Am Bratach No. 320
June 2018
editor@bratach.co.uk



The postie’s post
by Peter Malone

A few months ago a friend, knowing my odd predilection for reading matter that most people might consider dull and dreary, gave me a book about the post bus service in Scotland. It documents many of the services in the south and west alongside humorous stories of driver adventures such as the cyclist who was converted from train spotting to post bus spotting when the post bus stopped for a chat after the cyclist waved at him. “No train has ever stopped for me when I waved,” observed the convert.

Not much has changed, with the post often carrying shopping or tourists in need of a lift or sometimes even livestock alongside the letters and the parcels. My favourite tale in the book is the story of the post bus driver asked to carry a coffin to a local undertaker and then return with the deceased. He was a bit reluctant: not for any squeamish reason about travelling alongside a cadaver but because he was unsure whether his passenger would be required to pay full fare on the return leg of the journey.

This book was brought to mind last week while half watching TV and half listening to the radio. When my wife and I moved south in the early eighties she was distraught to discover that the program “Take the High Road” was not screened by most English regional channels and her compulsory half hour fix had to be forgone. By the time we moved back to Scotland the show had been axed and to my mind something that was one third soap opera, one third farming program and three thirds drivel was no great loss. My wife was delighted to find that STV had begun screening repeats in the wee small hours and the wonders of modern technology meant that she could “tape” these and watch them at her leisure, hence my need to listen to the radio.

However, my eye was caught by the latest episode which featured a post bus. “Funny”, I thought. “I didn’t think there was a post bus route on that part of Loch Lomondside.” Unable to bear the agony of not knowing for a moment longer if I was right I scurried off to a book case looking for my small collection of “Post Buses of Scotland” timetables. (Bear in mind my earlier comment about my reading matter preferences). I know that you can probably find all this stuff on the internet or that there will be a Facebook page dedicated to post bus enthusiasts but to my mind there is just so much more satisfaction in doing this with a physical book in your hand. Oh! The happy hours I have spent looking up septic tanks or checking screw thread terminology in Kempe’s Engineers’ Year Book or trying to track down the name of a model kit I built as a boy using nothing more than the “History of Airfix Model Kits”. If I was ever to be a guest on Desert Island Discs I would want to take as my book of choice the entire Encyclopaedia Britannica and the yearbooks of course. Plenty of reading material and the volumes are substantial enough to help build a makeshift shelter. I love reference books and in fact the only reference book I am unlikely to read would be the instructions that accompany any item of white goods or furniture that should be consulted before use or assembly. My wife says that isn’t confined to me but a genetic fault present in the male of the species.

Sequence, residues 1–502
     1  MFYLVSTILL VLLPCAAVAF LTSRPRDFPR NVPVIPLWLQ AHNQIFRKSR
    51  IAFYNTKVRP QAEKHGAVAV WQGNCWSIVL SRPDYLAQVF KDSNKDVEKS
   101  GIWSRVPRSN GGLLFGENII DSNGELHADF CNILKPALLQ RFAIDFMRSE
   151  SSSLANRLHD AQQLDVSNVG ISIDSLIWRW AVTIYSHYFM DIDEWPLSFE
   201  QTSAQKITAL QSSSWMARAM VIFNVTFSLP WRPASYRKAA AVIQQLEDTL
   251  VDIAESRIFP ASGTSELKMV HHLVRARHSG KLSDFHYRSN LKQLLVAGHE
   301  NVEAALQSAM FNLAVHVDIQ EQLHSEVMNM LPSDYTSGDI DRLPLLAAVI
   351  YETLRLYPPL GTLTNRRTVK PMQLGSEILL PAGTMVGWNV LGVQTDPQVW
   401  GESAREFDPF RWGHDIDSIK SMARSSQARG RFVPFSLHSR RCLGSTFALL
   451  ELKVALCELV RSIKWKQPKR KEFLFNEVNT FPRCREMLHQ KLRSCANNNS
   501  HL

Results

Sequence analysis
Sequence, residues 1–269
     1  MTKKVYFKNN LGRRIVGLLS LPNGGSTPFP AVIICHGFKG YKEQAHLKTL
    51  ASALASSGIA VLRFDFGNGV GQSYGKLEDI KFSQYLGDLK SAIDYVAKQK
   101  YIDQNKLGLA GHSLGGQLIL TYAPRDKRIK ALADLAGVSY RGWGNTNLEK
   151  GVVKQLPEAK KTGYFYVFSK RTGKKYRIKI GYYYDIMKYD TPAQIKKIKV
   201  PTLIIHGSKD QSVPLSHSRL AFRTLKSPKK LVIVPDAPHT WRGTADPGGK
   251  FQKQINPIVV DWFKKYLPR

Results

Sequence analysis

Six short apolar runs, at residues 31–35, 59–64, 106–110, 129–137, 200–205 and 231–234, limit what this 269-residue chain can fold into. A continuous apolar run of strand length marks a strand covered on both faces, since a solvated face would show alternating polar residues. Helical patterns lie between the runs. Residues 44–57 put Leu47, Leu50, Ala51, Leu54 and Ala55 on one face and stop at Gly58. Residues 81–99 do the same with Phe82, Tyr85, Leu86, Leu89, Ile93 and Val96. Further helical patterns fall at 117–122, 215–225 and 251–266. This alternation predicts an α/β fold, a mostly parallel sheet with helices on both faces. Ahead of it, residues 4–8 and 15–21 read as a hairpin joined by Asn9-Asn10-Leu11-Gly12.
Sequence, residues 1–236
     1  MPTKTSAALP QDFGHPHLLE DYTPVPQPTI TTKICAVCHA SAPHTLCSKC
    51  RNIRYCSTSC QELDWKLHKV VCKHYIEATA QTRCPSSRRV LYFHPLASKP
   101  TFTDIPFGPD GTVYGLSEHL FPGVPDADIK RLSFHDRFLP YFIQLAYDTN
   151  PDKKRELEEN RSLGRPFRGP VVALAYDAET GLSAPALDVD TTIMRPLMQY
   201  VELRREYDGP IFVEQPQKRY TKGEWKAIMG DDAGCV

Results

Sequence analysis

But back to the post bus timetables. Sure enough: there was no post bus on that side of Loch Lomond and so the programme makers had taken a liberty with the Royal Mail. Such artistic license is not confined to TV and the Post Office itself has been guilty of such behaviour in the past. Many years ago I spent a night or two in the Bettyhill Hotel. The heating wasn’t working so the room was chilly, the hot water was slightly colder and it wasn’t a pleasant visit. This was before the present owner, Carl Jeffries, refurbished and upgraded it to the excellent facility it is now. At that time there was a plaque commemorating Haakon of Norway, who stayed in the hotel during the Second World War. It didn’t mention whether he had hot water or not but presumably he was used to cold. There was also a small collection of postcards showing Bettyhill, mostly dating from the late 1930s. The stamp cost was one penny and they were time-stamped as well as date-marked showing that the sender was out and about by 9.15am.

We don’t time-stamp post any more other than automatically with the ubiquitous PDA which tracks when we deliver parcels to various houses on our routes. When I asked about these postcards recently Carl very generously gave them to me. One shows, according to its caption, the post bus on a journey to Bettyhill. I was a little confused by the view which you can see in the accompanying photograph [turn to page 23] and spent a few days trying to work out where it was taken. Eventually I tracked down the spot to the rough track that runs past Ard Mor to Port Swingoe. It’s a pretty little cove with a boat or two moored on the stony beach that is sheltered by steep rocky cliffs. There are no houses down there and really no reason for a postman to be on that section of road unless he was hopelessly lost, using the post bus for non-post office related activities (in which case little has changed in the last thirty years), or maybe, just maybe, he was dropping off a passenger en route to a burial at sea.

Just before I sent this off to Am Bratach I was telling a friend about the basis of the article — strange choices of reading matter. He turned to my wife and said, “Pete needs to get out more”, so where did I put those bus and coach timetables?

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